Cycling in Tuscany

Tuscany has a timeless familiarity, with its iconic Florentine cathedral dome, gently rolling hills dipped in soft morning mist and sculptural cypress alleys – the whole of this central Italy region is postcard material. Golden wheat fields, silver olive groves and pea-green vineyards marching in sharp terraced rows on hillsides form a graceful prelude to soul-soaring medieval hilltop villages, mountain ranges and fecund forests in the north, and a garland of bijou islands beaded along the coastal south. Get out, explore, hike, bike and ding your bicycle bell, as this rousing postcard-perfect landscape demands.

Tuscany, Lonely Planet

There are so many great rides in Tuscany, so many twisting, rolling roads. The rides are much more rolling than the big climbs around Bormio or in the Dolomites, which gives Tuscany a very different flavor. If you are not into long climbs, Tuscany may be perfect for you. It’s fun to ride up into the hilltop towns that you pass; just be aware that sometimes the roads will be cobblestone or paved with tiles rather than asphalt.

I’m not giving turn by turn instructions as there are so many intersections and little villages, and it’s better to simply download GPX files from a website like Ride with GPS or Komoot. I’ve given links to GPX files for many of the rides we did, but not all of them. Some rides I didn’t think were good enough to recommend; the rides felt too industrial or there was too much traffic.

One thing to note is that at times we went the wrong way and had to double back. I’ve edited the GPX files and removed the superfluous points, so hopefully they won’t take you the wrong way 🙂

Castellina in Chianti

Castellina is a lovely, touristy, little hilltop town with a very pretty central pedestrian area.

Castellina – Radda short loop

This is a delightful loop to the north and east of Castellina, looping back through the pretty hilltop town of Radda. It’s about 26 miles with 2,260 feet of climbing. Here’s the Ride with GPS link.

Castellina – Castelnuevo Berardenga – Radda Loop

A great loop of about 56 miles with 5,000 feet of climbing. You could shorten it by starting on the loop itself but we were staying in Castellina and chose to ride to the loop. The section from Radda to Castelnuevo Berardenga didn’t impress me too much but from Castelnuevo Berardenga up through Giaole to Radda is fantastic, and includes a 4 mile climb above Giaole. Here’s the Ride with GPS link.

San Gimignano

We did a loop to San Gimignano but I don’t really recommend it as too much of the riding was on busy roads, and riding into San Gimignano was painful due to the number of cars moving almost imperceptibly. But the very wiggly SR 429 was delicious and perhaps a good loop would be to descend the SP 130 to Poggibonsi and come back up the SR 429.


Montalcino is another lovely hilltop town, rather bigger than Castellina but not quite as pretty. It has a seemingly infinite number of small streets, steps, and passageways to explore.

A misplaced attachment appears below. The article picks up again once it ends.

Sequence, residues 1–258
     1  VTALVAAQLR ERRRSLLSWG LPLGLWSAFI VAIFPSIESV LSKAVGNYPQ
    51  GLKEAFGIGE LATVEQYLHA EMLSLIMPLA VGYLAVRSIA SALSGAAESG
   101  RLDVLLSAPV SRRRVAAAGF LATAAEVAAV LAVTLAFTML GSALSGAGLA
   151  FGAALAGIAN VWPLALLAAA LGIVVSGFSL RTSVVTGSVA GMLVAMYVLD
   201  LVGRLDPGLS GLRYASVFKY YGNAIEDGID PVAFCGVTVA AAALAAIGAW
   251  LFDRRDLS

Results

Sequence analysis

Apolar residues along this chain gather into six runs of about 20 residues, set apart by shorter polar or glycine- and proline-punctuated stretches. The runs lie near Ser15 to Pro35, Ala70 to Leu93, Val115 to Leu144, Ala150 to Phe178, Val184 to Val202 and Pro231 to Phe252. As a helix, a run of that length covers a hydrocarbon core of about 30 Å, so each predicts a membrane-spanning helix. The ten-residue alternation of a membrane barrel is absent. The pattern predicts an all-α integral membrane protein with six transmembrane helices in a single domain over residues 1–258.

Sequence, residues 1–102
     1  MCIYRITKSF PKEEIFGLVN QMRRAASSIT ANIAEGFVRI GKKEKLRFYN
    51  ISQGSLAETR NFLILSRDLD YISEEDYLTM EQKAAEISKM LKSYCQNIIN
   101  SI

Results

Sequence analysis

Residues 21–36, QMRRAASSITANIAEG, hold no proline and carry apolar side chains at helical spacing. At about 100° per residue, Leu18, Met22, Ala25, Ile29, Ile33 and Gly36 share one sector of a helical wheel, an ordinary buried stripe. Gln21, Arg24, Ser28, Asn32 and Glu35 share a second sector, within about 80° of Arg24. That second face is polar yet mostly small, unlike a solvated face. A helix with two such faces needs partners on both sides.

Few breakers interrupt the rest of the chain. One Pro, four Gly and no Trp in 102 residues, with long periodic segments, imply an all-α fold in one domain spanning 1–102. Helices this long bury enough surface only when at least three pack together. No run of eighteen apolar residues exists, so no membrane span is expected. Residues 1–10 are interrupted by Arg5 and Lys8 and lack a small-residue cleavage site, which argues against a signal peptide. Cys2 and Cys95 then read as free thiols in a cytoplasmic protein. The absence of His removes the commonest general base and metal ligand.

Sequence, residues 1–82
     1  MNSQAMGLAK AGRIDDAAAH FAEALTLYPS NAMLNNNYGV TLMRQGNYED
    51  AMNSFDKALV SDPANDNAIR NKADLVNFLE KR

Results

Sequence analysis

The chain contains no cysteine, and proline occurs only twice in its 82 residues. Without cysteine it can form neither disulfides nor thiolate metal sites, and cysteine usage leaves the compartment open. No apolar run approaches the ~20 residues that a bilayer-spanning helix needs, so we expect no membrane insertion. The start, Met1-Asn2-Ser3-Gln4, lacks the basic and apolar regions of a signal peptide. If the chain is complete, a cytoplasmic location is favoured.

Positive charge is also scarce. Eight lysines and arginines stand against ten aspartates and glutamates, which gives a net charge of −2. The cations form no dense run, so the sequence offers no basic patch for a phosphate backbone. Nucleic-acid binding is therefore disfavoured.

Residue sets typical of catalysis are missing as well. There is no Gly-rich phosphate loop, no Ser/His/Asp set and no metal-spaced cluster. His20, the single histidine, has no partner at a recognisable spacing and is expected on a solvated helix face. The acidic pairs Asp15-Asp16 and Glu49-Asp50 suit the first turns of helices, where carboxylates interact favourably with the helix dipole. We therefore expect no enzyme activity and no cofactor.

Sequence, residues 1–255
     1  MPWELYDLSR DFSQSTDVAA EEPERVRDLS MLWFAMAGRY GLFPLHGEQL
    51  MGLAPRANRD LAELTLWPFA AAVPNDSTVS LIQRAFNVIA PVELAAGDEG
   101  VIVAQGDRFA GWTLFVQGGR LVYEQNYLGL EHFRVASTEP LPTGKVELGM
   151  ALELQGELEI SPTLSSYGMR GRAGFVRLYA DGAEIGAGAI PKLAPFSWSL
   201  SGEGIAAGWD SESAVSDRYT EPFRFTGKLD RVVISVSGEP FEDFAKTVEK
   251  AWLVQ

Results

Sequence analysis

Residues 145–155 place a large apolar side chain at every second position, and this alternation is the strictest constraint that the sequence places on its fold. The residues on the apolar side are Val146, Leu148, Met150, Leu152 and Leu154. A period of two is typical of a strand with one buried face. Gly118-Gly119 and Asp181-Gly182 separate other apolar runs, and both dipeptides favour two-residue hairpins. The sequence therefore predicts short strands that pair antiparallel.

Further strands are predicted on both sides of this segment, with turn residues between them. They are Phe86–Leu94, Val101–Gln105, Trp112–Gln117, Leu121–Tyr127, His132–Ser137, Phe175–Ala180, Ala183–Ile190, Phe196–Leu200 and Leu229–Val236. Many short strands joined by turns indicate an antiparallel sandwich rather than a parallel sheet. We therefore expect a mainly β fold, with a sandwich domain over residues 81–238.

Montalcino – Monticello – Seggiano Loop

The ride is a lovely counter-clockwise loop through varied countryside, rolling and twisty with lovely views of various hilltop. It’s about 51 miles with 5,830 feet of climbing. It starts in Montalcino and rides through Porrona, Monticello Amiata, Arcidosso, Seggiano, Castelnuovo dell’Abate, then back to Montalcino. We rode up into several of the hilltop towns. Here’s the Ride with GPS link.

Montalcino – Monte Amiata Lollipop

This climbs 4,000 feet up the biggest hill in the area, Monte Amiata. The climb includes many sections of 10+ percent. The upper part is very wooded and you’ll be riding through a tunnel of trees. At the very top there are bars, cafes, restaurants so you’ll be able to rest and refuel. The whole ride is about 58 miles with 7,900 feet of climbing.

It’s a big lollipop whose loop goes through Castel del Piano, up Monte Amiata, down a delightfully smooth and twisty road to Abbadia San Salvatore, then up a deliciously steep hill until you eventually rejoin the stick of the lollipop. Here’s the Ride with GPS link.

Montalcino – San Quirico d’Orcia – Castiglione d’Orcia – Castelnuovo dell’Abate Loop

Yet another great loop, 32 miles and 3,850 feet of climbing, covering beautiful terrain and visiting stunning hilltop towns. This ride includes a side trip to the amazing Roc d’Orcia. We went up a new one-way road that included sections of greater than 20%. If you want to avoid this, just stay on the main road. If you go up to the Roc d’Orcia using our GPX file, ignore the short out-and-back mistake on the other side of the Roc d’Orcia 🙂  Here’s the Ride with GPS link.


Castiglioncello – Chianni Loop

I did this loop on a rather dismal day but really enjoyed it anyway. The whole loop is about 44 miles with 4,100 feet of climbing. The first 7.5 km are on busy roads and not much fun, but after that the roads are much quieter and more enjoyable. The ride starts with a long climb through Castellina Marittima, then after that there are miles and miles of wonderful rolling riding through very pretty countryside.

At one point there was a lovely feeling of remoteness and some great downhill switchbacks, but after that the whole thing feels very comfortable and pretty. I though this loop was well worth doing if you are in this seaside area. Here’s the Ride with GPS link.

A couple of days later Tanya and I did a shorter variation of this ride, finishing the climb at Castellina Marittima then contouring across the mountain almost to Santa Luce, before descending back to Castiglioncello on the same route as the longer ride. This shorter variant was about 27 miles with 2,250 feet of climbing. Here’s the Ride with GPS link.

Links and other Clicks

Other Cycling in Italy

Other Cycling Pages

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